I know that because of the title of this thread, people might automatically think plantar fasciitis. I know that's the most common cause of pain in the bottom of the heel. But I've gone through a lot of resources over the last day and a half since having this nagging irritation and it just doesn't sound like PF. I'm hoping someone here might recognize my symptoms.
On Wednesday night, I had this seemingly random ache just show up in my heel. I ran that morning and before this sudden onset of aching in the evening, and there was absolutely nothing wrong with it. I've never had problems with my feet. I was actually sitting down when I started feeling it. Then, I got up and it ached when I walked around. Since then, it has not gone away. It is at the front of the heel bone right before my arch begins. Except for when I initially felt the strange feeling while seated on Wednesday night, I have not felt anything else while in a seated position. I only feel a mild ache/tender spot when I walk/put pressure on the area with my fingers. I did also run yesterday morning and I felt it very mildly for a little bit but then for the rest of the run, the ache disappeared. It did come back afterwards, though. But it hasn't gotten worse.
There has been no significant trauma to the area. I am not a heel striker and I do not land heavily on my feet. I strength train and practice good form. It almost feels like a bruise, but like I said, there has been no extreme force or trauma. I know running is repeated stress on the bottom of the foot, but I've never had an issue before and it happened several hours after a run while I was resting. I should also mention that there is no horrible, sharp pain upon my foot's initial first steps in the morning after getting out of bed. That is another tell-take sign of PF that I don't have. It's just a dull tenderness/ache that's stayed the same and has not gone away. I don't believe it's a stress fracture, either.. Based on the knowledge I've gained about those, it should have gotten more painful as I continued to run on it yesterday (Thursday).. In short, does anyone have any idea what this could be? Is it just one of those things and I'm overthinking it? I have a half marathon in two weeks that's I've been training for for months and I'm hoping it's just one of the aches and pains we can inevitably get when we run. Thanks in advance for any responses!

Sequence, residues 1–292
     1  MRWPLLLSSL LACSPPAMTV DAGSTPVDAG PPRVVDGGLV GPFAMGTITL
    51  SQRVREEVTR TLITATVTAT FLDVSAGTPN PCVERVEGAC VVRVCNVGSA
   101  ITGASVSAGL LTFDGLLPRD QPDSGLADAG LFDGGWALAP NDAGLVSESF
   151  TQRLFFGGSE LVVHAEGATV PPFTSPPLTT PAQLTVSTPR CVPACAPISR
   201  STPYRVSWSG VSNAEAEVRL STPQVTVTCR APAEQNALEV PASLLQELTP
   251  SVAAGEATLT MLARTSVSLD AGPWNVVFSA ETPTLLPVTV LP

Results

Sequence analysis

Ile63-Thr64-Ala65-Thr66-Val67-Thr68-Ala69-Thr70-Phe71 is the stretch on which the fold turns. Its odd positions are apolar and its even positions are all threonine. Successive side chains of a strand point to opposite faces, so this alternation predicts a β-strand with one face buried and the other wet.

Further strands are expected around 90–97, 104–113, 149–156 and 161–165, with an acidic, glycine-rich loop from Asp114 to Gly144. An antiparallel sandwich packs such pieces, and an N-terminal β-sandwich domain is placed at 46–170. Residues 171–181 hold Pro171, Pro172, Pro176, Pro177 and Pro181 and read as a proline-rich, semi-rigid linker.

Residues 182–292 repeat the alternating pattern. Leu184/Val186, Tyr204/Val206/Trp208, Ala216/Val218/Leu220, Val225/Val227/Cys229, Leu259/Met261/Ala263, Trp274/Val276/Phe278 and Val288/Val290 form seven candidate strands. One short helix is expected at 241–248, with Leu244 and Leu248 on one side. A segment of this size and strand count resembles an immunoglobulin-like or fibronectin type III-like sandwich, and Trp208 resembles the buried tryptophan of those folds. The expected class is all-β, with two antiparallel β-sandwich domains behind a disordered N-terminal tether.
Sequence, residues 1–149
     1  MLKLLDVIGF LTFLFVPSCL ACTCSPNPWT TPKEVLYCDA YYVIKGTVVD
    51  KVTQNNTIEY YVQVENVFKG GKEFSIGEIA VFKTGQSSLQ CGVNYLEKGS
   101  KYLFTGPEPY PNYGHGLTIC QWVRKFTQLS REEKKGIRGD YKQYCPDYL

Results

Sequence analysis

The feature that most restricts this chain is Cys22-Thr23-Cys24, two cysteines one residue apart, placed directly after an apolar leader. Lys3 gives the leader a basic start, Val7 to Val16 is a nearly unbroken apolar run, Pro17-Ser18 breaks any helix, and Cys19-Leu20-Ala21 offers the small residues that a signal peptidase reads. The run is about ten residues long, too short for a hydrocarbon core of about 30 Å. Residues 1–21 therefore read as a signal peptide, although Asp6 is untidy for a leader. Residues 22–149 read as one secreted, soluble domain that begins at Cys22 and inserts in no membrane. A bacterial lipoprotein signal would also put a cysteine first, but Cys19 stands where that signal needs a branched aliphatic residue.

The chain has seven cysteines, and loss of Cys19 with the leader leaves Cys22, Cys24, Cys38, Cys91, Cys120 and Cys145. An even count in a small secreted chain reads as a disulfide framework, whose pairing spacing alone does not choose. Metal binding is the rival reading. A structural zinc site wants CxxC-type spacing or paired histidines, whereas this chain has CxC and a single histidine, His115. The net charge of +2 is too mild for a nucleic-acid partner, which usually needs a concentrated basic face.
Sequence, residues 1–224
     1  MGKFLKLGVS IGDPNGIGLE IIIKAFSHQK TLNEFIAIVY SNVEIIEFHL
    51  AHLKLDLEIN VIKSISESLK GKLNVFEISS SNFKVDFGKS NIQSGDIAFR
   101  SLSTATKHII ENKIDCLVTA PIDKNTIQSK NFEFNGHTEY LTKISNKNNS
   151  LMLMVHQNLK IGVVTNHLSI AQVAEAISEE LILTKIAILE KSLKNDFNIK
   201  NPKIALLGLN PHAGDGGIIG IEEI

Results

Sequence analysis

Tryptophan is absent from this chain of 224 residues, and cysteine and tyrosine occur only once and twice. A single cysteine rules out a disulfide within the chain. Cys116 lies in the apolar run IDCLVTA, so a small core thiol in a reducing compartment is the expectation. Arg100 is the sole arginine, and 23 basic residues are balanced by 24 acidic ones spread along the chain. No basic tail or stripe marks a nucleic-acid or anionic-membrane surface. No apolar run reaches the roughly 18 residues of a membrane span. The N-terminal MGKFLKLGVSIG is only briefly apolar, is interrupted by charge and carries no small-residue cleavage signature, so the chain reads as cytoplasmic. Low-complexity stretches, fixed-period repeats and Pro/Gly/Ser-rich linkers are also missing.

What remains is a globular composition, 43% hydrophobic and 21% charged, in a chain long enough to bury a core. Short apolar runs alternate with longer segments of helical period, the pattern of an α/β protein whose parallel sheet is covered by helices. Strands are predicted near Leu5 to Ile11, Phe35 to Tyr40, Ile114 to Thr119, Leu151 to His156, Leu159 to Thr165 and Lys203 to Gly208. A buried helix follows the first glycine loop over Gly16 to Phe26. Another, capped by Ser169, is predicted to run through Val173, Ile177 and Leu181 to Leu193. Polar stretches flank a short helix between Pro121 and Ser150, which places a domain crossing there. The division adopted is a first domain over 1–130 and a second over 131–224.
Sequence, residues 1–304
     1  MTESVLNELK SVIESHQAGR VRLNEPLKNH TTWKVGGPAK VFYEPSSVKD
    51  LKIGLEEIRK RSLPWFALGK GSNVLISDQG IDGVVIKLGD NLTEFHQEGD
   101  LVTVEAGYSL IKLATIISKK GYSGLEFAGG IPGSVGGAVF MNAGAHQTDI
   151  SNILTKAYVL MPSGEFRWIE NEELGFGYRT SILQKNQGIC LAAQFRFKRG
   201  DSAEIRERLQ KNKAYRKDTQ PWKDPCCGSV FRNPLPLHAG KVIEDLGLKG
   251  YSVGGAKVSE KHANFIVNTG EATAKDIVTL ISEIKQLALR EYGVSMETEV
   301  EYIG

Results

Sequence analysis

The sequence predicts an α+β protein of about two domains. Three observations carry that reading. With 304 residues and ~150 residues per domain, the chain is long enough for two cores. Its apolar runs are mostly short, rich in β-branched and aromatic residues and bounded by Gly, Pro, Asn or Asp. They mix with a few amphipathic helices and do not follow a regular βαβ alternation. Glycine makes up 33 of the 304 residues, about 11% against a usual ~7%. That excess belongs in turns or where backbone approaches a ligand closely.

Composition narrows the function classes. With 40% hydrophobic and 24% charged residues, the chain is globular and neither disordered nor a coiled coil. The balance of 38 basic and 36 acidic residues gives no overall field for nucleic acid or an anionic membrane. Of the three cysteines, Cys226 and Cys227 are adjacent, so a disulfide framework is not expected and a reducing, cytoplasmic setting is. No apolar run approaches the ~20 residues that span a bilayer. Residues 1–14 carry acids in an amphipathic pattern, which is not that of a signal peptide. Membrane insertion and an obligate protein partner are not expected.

Almost guaranteed to be PF, pretty mild at this point. PF is not particularly associated with trauma, or heel striking, or how lightly you land on your feet. I never had a sharp pain on first getting out of bed either. It would often be a little stiff and achy for those first few steps. Same with running, it would usually not bother me after the first quarter mile or so. I used an OTC plastic 3/4-length orthotic (Spenco, I think) for additional support while running, and all the usual recommendations. The other thing I've noticed is slight onset of pain sometimes if I am "clawing" my toes. In that event I consciously stretch them out and the pain quickly goes away. I think if you treat it kindly and well over the next couple weeks you should be able to do your half-marathon with no trouble.
Thanks for the response, Len. Although I was unsure of it being PF, I've still been treating it as such. Icing, rolling my calves, scrunching a towel up with my toes, picking stuff up with them...all of those things. I will continue to do these things a lot these next few weeks, as well as regularly after the race. I also have been thinking of giving low-Dye taping a shot. Have you ever had experience with that?
I've never used taping. Pretty amazing when I think about it, but I'm one of those lucky people who rarely gets injured. And even then it's rarely serious. Just the way I'm built, I guess. My case of PF was a lot like yours, fairly mild. Though I didn't know that at the time. It took me a few months to get over it completely, and I continued to run through it. It was a long time ago, pre-internet, and information was by word of mouth or what you could get out of your collection of Runners World magazines.
I've used Low-Dye taping a few times. I'd say it works pretty well. It's not a silver bullet - but then again there are no silver bullets when it comes to PF.
I recommend it enough to at least give it a try and see if it helps.
"Kick off your high heel sneakers, it's party time."
-- From the song FM by Steely Dan
A bruise is what it felt like for me when P.F. first hit and it took about 3 months to get it behind me.
I've got a couple of suggestions and an observation. First, P.F. can be difficult to heal because it's so easy to re-injure. It starts to heal, you step just right and tear it again. Over time, this constant re-injuring results in a build-up of scar tissue that's weaker than normal tissue and sets you up to deal with this injury for a long time.
If you're not experiencing pain the first few steps after sitting for a while or when getting out of bed in the morning, you probably can this behind you pretty quickly. I'd avoid walking barefoot and anything that causes pain in your heel, an indication you've re-injured your Fasciia.
I kept a pair of traditional running shoes with their high heel beside the bed and stepped into them as soon as I got up in the morning, they worked for taking the pressure of my arch those first few steps in the morning.
Lastly, don't take this injury lightly, deal with it now before it gets out of hand...
Enjoy life, this ain't a rehearsal...
I know I've mentioned this many times in the Med Tent forum, but it's always worth repeating, because much of what we now know about the genesis of pain is counterintuitive. This means that many without specific training will reach false diagnoses that seem to make perfect sense initially.
The first important fact is that a pain in the heel may have little or nothing to do with your heel. The example I always use is that a pain in your arm may have nothing to do with your arm. In that case, it is a classic sign of a heart attack. In your case, the strange on/off pain in your heel is likely to be a sign of tight calf muscles.